A top US credit rating agency has lowered its outlook for British government debt from “stable” to “negative” amid the fallout from Prime Minister Liz Truss’s mini-budget fiasco, media reports said.
The firm Fitch announced that Chancellor Kwasi Kwarteng’s “unfunded fiscal package” could lead to “significant increase in fiscal deficits over the medium term”, Daily Mail reported.
It followed a similar move by rival Standard & Poor’s (S&P’s) a few days ago, however Fitch maintained its ‘AA-‘ credit rating for the UK, which is one level lower than S&P’s, citing the government’s “weakened political capital”.
It comes after Kwarteng’s mini-budget announcement on September 23 promised 45 billion pounds in tax cuts, which spooked markets and sent the pound plummeting against the dollar.
The Bank of England (BoE) was forced to step in and purchase up to 65 billion pounds in government debt in a bid to shore up confidence and prevent pension funds collapsing.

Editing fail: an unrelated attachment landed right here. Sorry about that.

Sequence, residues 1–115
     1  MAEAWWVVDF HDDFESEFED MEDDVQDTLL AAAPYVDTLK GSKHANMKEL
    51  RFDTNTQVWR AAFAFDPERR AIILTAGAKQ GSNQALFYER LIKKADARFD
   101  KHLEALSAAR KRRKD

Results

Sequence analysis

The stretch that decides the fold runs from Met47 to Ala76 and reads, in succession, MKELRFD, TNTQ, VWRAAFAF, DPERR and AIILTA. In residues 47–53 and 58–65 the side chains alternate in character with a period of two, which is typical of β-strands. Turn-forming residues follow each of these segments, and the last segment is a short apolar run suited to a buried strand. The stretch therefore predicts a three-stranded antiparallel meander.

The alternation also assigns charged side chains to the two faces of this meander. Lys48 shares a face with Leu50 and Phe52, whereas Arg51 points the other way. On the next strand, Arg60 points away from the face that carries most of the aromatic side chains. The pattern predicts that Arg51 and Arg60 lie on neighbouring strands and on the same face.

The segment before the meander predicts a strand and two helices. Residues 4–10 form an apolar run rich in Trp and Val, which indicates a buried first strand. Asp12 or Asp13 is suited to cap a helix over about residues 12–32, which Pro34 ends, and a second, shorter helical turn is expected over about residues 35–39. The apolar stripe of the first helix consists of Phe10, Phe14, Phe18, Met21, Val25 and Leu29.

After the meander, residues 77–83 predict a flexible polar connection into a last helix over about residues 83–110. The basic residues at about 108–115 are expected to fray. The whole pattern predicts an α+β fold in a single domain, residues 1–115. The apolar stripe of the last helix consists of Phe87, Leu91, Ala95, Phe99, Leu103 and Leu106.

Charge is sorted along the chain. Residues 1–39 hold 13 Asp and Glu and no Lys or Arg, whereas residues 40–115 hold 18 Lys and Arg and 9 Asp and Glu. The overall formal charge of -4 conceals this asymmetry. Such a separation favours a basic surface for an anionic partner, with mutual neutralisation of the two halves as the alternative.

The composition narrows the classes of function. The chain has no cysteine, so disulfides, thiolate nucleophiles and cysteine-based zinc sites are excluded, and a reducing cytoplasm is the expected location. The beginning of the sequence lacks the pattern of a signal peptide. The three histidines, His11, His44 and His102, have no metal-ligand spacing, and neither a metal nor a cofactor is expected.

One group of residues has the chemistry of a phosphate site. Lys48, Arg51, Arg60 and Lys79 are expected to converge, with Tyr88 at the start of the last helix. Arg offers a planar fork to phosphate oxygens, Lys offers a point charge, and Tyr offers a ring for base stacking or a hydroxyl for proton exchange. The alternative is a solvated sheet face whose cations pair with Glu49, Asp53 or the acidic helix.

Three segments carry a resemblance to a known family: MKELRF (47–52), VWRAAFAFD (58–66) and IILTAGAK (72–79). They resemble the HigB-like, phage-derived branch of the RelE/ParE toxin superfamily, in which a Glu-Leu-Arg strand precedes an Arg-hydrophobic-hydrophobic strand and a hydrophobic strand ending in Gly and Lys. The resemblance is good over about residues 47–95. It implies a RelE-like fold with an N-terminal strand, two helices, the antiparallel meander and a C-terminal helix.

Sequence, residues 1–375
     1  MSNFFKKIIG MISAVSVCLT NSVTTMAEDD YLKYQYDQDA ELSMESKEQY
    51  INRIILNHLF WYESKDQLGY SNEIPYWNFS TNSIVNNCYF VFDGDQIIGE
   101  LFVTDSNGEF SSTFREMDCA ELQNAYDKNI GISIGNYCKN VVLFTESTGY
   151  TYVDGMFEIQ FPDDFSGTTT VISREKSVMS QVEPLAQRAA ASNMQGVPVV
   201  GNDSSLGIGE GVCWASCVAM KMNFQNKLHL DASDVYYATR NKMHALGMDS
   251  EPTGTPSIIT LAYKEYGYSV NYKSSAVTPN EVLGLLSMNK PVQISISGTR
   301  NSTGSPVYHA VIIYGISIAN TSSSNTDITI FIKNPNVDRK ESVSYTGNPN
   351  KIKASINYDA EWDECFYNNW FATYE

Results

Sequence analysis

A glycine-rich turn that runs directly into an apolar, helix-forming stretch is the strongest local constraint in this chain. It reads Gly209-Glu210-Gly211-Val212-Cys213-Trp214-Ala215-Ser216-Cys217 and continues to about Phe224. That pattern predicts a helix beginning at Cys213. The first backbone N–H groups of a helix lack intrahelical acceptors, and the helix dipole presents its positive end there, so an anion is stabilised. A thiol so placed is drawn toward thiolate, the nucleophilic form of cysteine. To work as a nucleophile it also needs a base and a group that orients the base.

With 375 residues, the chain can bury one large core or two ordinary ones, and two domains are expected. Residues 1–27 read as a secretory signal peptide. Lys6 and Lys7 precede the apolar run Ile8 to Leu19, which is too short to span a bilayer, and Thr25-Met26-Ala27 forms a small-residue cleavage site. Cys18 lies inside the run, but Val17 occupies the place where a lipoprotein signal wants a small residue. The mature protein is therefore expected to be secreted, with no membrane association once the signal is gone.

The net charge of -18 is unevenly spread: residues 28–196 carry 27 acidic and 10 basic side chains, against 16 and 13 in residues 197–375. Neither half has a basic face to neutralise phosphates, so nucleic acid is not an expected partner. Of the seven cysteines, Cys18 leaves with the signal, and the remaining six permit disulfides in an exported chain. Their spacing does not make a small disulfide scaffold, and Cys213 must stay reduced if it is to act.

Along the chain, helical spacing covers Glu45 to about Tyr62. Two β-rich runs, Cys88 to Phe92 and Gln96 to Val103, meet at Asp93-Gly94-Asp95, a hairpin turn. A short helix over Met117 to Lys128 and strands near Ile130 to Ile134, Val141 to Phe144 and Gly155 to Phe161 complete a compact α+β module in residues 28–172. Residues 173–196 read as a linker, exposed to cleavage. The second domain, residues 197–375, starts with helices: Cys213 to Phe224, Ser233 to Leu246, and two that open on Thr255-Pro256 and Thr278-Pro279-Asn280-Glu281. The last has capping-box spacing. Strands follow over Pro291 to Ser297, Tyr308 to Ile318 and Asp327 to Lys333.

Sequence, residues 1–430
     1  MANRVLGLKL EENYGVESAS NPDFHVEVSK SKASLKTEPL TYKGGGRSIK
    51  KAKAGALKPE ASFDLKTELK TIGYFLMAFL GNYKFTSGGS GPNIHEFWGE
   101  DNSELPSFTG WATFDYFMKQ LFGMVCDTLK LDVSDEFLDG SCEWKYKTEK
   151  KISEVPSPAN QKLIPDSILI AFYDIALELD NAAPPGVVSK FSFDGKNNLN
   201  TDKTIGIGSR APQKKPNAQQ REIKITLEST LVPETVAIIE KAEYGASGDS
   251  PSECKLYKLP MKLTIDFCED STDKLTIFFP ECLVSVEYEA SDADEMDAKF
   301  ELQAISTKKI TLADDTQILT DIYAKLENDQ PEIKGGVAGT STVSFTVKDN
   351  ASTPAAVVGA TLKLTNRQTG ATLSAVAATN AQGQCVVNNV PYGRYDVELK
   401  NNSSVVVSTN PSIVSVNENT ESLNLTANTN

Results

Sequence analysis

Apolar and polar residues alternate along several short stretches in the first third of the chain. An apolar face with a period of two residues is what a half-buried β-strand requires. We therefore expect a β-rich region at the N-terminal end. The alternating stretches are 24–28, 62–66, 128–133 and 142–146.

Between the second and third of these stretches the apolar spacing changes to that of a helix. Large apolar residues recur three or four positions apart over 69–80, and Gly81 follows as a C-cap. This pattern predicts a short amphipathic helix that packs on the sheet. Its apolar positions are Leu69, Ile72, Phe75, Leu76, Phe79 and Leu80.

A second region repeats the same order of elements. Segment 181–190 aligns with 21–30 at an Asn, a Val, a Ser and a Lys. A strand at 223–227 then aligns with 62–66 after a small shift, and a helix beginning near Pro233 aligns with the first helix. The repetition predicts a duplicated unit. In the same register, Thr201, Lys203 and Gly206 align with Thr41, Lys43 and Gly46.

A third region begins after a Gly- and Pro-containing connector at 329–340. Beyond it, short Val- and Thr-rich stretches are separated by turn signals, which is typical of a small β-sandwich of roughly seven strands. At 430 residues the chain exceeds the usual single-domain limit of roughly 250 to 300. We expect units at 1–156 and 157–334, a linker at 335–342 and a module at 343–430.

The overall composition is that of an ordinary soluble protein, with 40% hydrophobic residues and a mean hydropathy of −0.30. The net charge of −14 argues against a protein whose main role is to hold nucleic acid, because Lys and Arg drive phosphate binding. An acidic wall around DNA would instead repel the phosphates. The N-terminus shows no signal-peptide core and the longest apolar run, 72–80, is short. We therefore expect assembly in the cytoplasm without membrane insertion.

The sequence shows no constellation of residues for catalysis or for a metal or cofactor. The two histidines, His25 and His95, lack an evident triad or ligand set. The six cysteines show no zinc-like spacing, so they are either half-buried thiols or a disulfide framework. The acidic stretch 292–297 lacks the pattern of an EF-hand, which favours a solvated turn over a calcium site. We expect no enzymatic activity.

Following backlash from voters and MPs, Ms Truss and Kwarteng were forced into a humiliating U-turn, ditching plans to abolish the 45p top rate of tax. However Fitch said this was not enough to allay concerns, Daily Mail reported.
“The large and unfunded fiscal package announced as part of the new government’s growth plan could lead to a significant increase in fiscal deficits over the medium term”, Fitch said in a statement.
“We consider that statements by the Chancellor hinting at the possibility of additional tax cuts and the likely modification of fiscal rules legislated in January reduce the predictability of fiscal policy.”
It added: “Although the government reversed the elimination of the 45p top rate tax… the government’s weakened political capital could further undermine the credibility of and support for the government’s fiscal strategy.”